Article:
Effect of the COVID-19 pandemic on CT scans ordered from the emergency department for abdominal complaints



The COVID-19 pandemic has affected healthcare systems and patients alike across the USA. We seek to elucidate changes in abdominal imaging ordered from the emergency department (ED) in a healthcare system undergoing non-surge conditions in April 2020 compared to April 2019.


We performed a retrospective, observational study comparing patients undergoing CT scans of the abdomen and pelvis ordered from the ED in April 2020 vs. April 2019 at a single healthcare center. Via review of the radiology report and electronic medical record, we determined the positive or negative status of these scans. We evaluated percentages of positive CT scans and differences in outcomes, including admission rates, interventions, and mortality.


Comparing 2020 to 2019, there was a 31.6% decrease in the number of CT scans performed from the ED. We found a higher percentage of positive CT findings, 58.2% vs. 50.8% (p = 0.025), and increased admission rates, 40.8% vs. 34.1% (p = 0.036). Differences were found in rates of appendicitis, colitis, and cholangitis. No difference was found in ICU admissions, interventions, or in-hospital mortality.


During the COVID-19 pandemic in a region undergoing non-surge conditions, we found increased rates of positive CT scans performed from the ED for abdominal complaints with an increased percentage of hospital admissions compared to a control year. No differences in ICU admissions or rates of procedural intervention were found to suggest higher acuity of pathology on presentation. Our findings suggest appropriately decreased healthcare utilization in our study period, driven by pre-hospital patient self-selection.


Throughout the COVID-19 pandemic, hospital systems across the United States of America (USA) have demonstrated marked alterations in patterns of patient visits and healthcare utilization [1,2,3,4], including for non-respiratory-related complaints [5]. This is true in both surge locations, in which strategies have been developed to address the immediate concern of limited resources, and in non-surge locations, in which shelter-in-place orders, resource preservation strategies, and fear of contagion influence patient utilization of healthcare. The impact of such alterations in healthcare utilization is still under investigation.

Decreased emergency department (ED) visits are well documented across the USA, both in overall visits and specifically regarding non-respiratory complaints. For example, studies have shown decreased activations for numbers of ST-elevation myocardial infarctions [6], less acute stroke activations and evaluations [7, 8]—including notably fewer non-contrast-enhanced computed tomography (CT) scans of the head performed to evaluate for ischemic strokes [9]—and fewer presentations for traumatic pathology for orthopedic injuries [10, 11]. Additionally, multiple studies demonstrate decreased pediatric visits in both surge and non-surge location [12,13,14,15].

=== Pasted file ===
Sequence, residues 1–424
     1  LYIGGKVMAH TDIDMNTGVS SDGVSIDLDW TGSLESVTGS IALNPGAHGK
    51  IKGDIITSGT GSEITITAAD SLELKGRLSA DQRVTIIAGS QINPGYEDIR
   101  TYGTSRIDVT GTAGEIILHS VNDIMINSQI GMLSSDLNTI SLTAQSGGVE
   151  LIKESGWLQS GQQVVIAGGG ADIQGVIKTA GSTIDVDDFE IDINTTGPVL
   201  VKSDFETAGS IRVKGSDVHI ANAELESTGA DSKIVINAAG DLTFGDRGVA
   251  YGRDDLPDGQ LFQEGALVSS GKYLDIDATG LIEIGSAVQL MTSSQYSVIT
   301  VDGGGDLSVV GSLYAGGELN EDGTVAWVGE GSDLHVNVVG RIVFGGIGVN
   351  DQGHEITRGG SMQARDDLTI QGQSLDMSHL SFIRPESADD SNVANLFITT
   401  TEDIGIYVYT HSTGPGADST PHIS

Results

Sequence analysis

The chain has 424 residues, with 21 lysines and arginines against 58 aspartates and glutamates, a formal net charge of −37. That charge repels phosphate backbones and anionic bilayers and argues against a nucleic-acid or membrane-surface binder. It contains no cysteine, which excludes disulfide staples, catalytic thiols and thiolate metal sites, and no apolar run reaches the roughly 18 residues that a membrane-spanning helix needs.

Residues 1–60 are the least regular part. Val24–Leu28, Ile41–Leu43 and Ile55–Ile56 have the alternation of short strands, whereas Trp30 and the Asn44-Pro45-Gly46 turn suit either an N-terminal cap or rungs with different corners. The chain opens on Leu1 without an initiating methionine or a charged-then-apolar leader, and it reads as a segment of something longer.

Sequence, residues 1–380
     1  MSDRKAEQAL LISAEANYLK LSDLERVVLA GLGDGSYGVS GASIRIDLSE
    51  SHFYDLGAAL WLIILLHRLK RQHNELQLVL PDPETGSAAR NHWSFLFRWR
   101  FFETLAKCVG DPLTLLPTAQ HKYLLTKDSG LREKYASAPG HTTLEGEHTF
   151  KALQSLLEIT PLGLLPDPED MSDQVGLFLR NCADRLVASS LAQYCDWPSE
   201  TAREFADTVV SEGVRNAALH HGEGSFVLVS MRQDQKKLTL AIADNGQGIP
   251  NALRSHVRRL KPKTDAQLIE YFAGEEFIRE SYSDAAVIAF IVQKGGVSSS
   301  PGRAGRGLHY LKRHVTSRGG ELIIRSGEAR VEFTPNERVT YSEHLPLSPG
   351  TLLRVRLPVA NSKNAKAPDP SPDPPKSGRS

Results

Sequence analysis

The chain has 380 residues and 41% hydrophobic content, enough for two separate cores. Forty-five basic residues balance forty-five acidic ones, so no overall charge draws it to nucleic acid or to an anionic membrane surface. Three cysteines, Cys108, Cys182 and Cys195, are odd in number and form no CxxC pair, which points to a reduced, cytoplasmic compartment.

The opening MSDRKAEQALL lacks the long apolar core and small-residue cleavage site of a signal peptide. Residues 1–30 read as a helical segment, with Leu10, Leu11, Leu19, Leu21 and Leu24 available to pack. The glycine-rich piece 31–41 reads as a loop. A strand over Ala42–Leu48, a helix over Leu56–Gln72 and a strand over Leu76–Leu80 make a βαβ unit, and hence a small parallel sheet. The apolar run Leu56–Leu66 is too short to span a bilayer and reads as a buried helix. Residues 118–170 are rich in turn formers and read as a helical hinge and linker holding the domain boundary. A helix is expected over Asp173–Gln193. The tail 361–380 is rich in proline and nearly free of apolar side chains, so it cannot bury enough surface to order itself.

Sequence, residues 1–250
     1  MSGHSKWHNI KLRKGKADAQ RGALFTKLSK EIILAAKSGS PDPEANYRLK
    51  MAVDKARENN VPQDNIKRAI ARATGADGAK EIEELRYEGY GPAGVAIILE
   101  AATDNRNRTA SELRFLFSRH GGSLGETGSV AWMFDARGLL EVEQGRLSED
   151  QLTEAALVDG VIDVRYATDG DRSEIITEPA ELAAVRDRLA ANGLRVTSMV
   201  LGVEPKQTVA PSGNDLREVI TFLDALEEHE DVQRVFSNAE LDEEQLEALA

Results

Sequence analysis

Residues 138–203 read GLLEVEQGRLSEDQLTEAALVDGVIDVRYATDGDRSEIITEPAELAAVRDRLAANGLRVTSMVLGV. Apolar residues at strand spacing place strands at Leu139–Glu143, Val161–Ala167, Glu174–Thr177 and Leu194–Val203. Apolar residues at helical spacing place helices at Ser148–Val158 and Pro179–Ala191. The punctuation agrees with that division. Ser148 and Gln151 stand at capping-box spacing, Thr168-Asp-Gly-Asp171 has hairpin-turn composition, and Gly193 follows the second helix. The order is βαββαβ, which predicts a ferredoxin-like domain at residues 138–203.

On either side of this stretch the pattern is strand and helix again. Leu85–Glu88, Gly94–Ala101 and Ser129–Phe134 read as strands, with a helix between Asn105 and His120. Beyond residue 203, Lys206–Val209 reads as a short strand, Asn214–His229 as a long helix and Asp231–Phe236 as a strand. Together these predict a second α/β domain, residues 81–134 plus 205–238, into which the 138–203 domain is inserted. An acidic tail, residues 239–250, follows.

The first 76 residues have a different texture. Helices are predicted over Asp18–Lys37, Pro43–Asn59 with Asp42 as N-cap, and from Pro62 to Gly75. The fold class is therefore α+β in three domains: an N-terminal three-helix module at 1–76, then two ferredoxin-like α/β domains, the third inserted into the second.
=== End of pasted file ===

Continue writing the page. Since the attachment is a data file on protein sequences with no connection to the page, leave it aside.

Few studies have evaluated the impact of COVID-19 pandemic on presentations for abdominal complaints in the ED, and specifically the impact on positivity of CT findings, and none of which has been in the USA. Romero et al. reported data from their institution in Colombia suggesting that while there were fewer CT scans ordered to evaluate for appendicitis and less absolute diagnoses of appendicitis made, there was a higher overall positive percentage of studies, and that positive studies were associated with more severe findings in their study period (42 days) compared to control [16]. Snapiri et al. reported a seven-case series in their institution in Israel in which pediatric patients presented with complicated appendicitis, which they identified to be secondary to a combination of factors, including parental concern, use of telemedicine, and insufficient clinical evaluation [17]. Finally, O’Brien et al., a group out of Toronto, Canada, evaluated the impact of the COVID-19 pandemic on presentations to the emergency department for acute abdominal complaints and found that there was both an increased positive CT scan rate and an increased rate of complications without significant differences in surgical interventions. Rates of admission and nonsurgical interventions were not reported. Of note, the daily case burden of COVID-19 in Toronto during their study period was not specified [18].

In this study, we (1) compare the utilization of CT scans of the abdomen and pelvis ordered from the ED at a healthcare system under non-surge conditions during April 2020 vs. April 2019, (2) assess the percent positive rate of these CT scans, and (3) compare subsequent patient disposition and rates of procedural intervention as a metric of acuity at presentation.

Material and methods

We carried out a retrospective cohort study with data collected from two emergency departments associated with the University of Utah healthcare system from April 1 to April 30, 2020. This time period was chosen as it represented the nadir month of ED visits due to the COVID-19 pandemic at our institution. Subsequently, the same data was compiled over the corresponding time period during April 2019 to serve as the control cohort for our study.

Initial data was collected comparing the number of visits to the University of Utah healthcare system emergency departments during the above time periods. Of those visits, the number of patients presenting with abdominal pain, flank pain, and nausea and/or vomiting was compared between 2020 and 2019 as a baseline for our study.

CT scans of interest were identified by use of Nuance mPower Clinical Analytics (Nuance Communications, Inc., Burlington, MA, USA). Selection criteria for CT scans include imaging studies ordered from the University of Utah healthcare system emergency departments from April 1 at 00:00 through April 30 at 23:59 in 2019 and 2020 on patients ≥18 years of age at time of study using the following study types: CT abdomen and pelvis, CT abdomen; CTA abdomen and pelvis, and CT of the pelvis; studies with, without, or with and without IV contrast; and studies with or without oral contrast. Exclusion criteria include studies ordered for trauma which met trauma team activation on arrival to the hospital and CTs of the pelvis which were performed to evaluate the bony pelvis for traumatic injuries. The presenting chief complaints of those patients corresponding to the above CT scans were compiled and analyzed.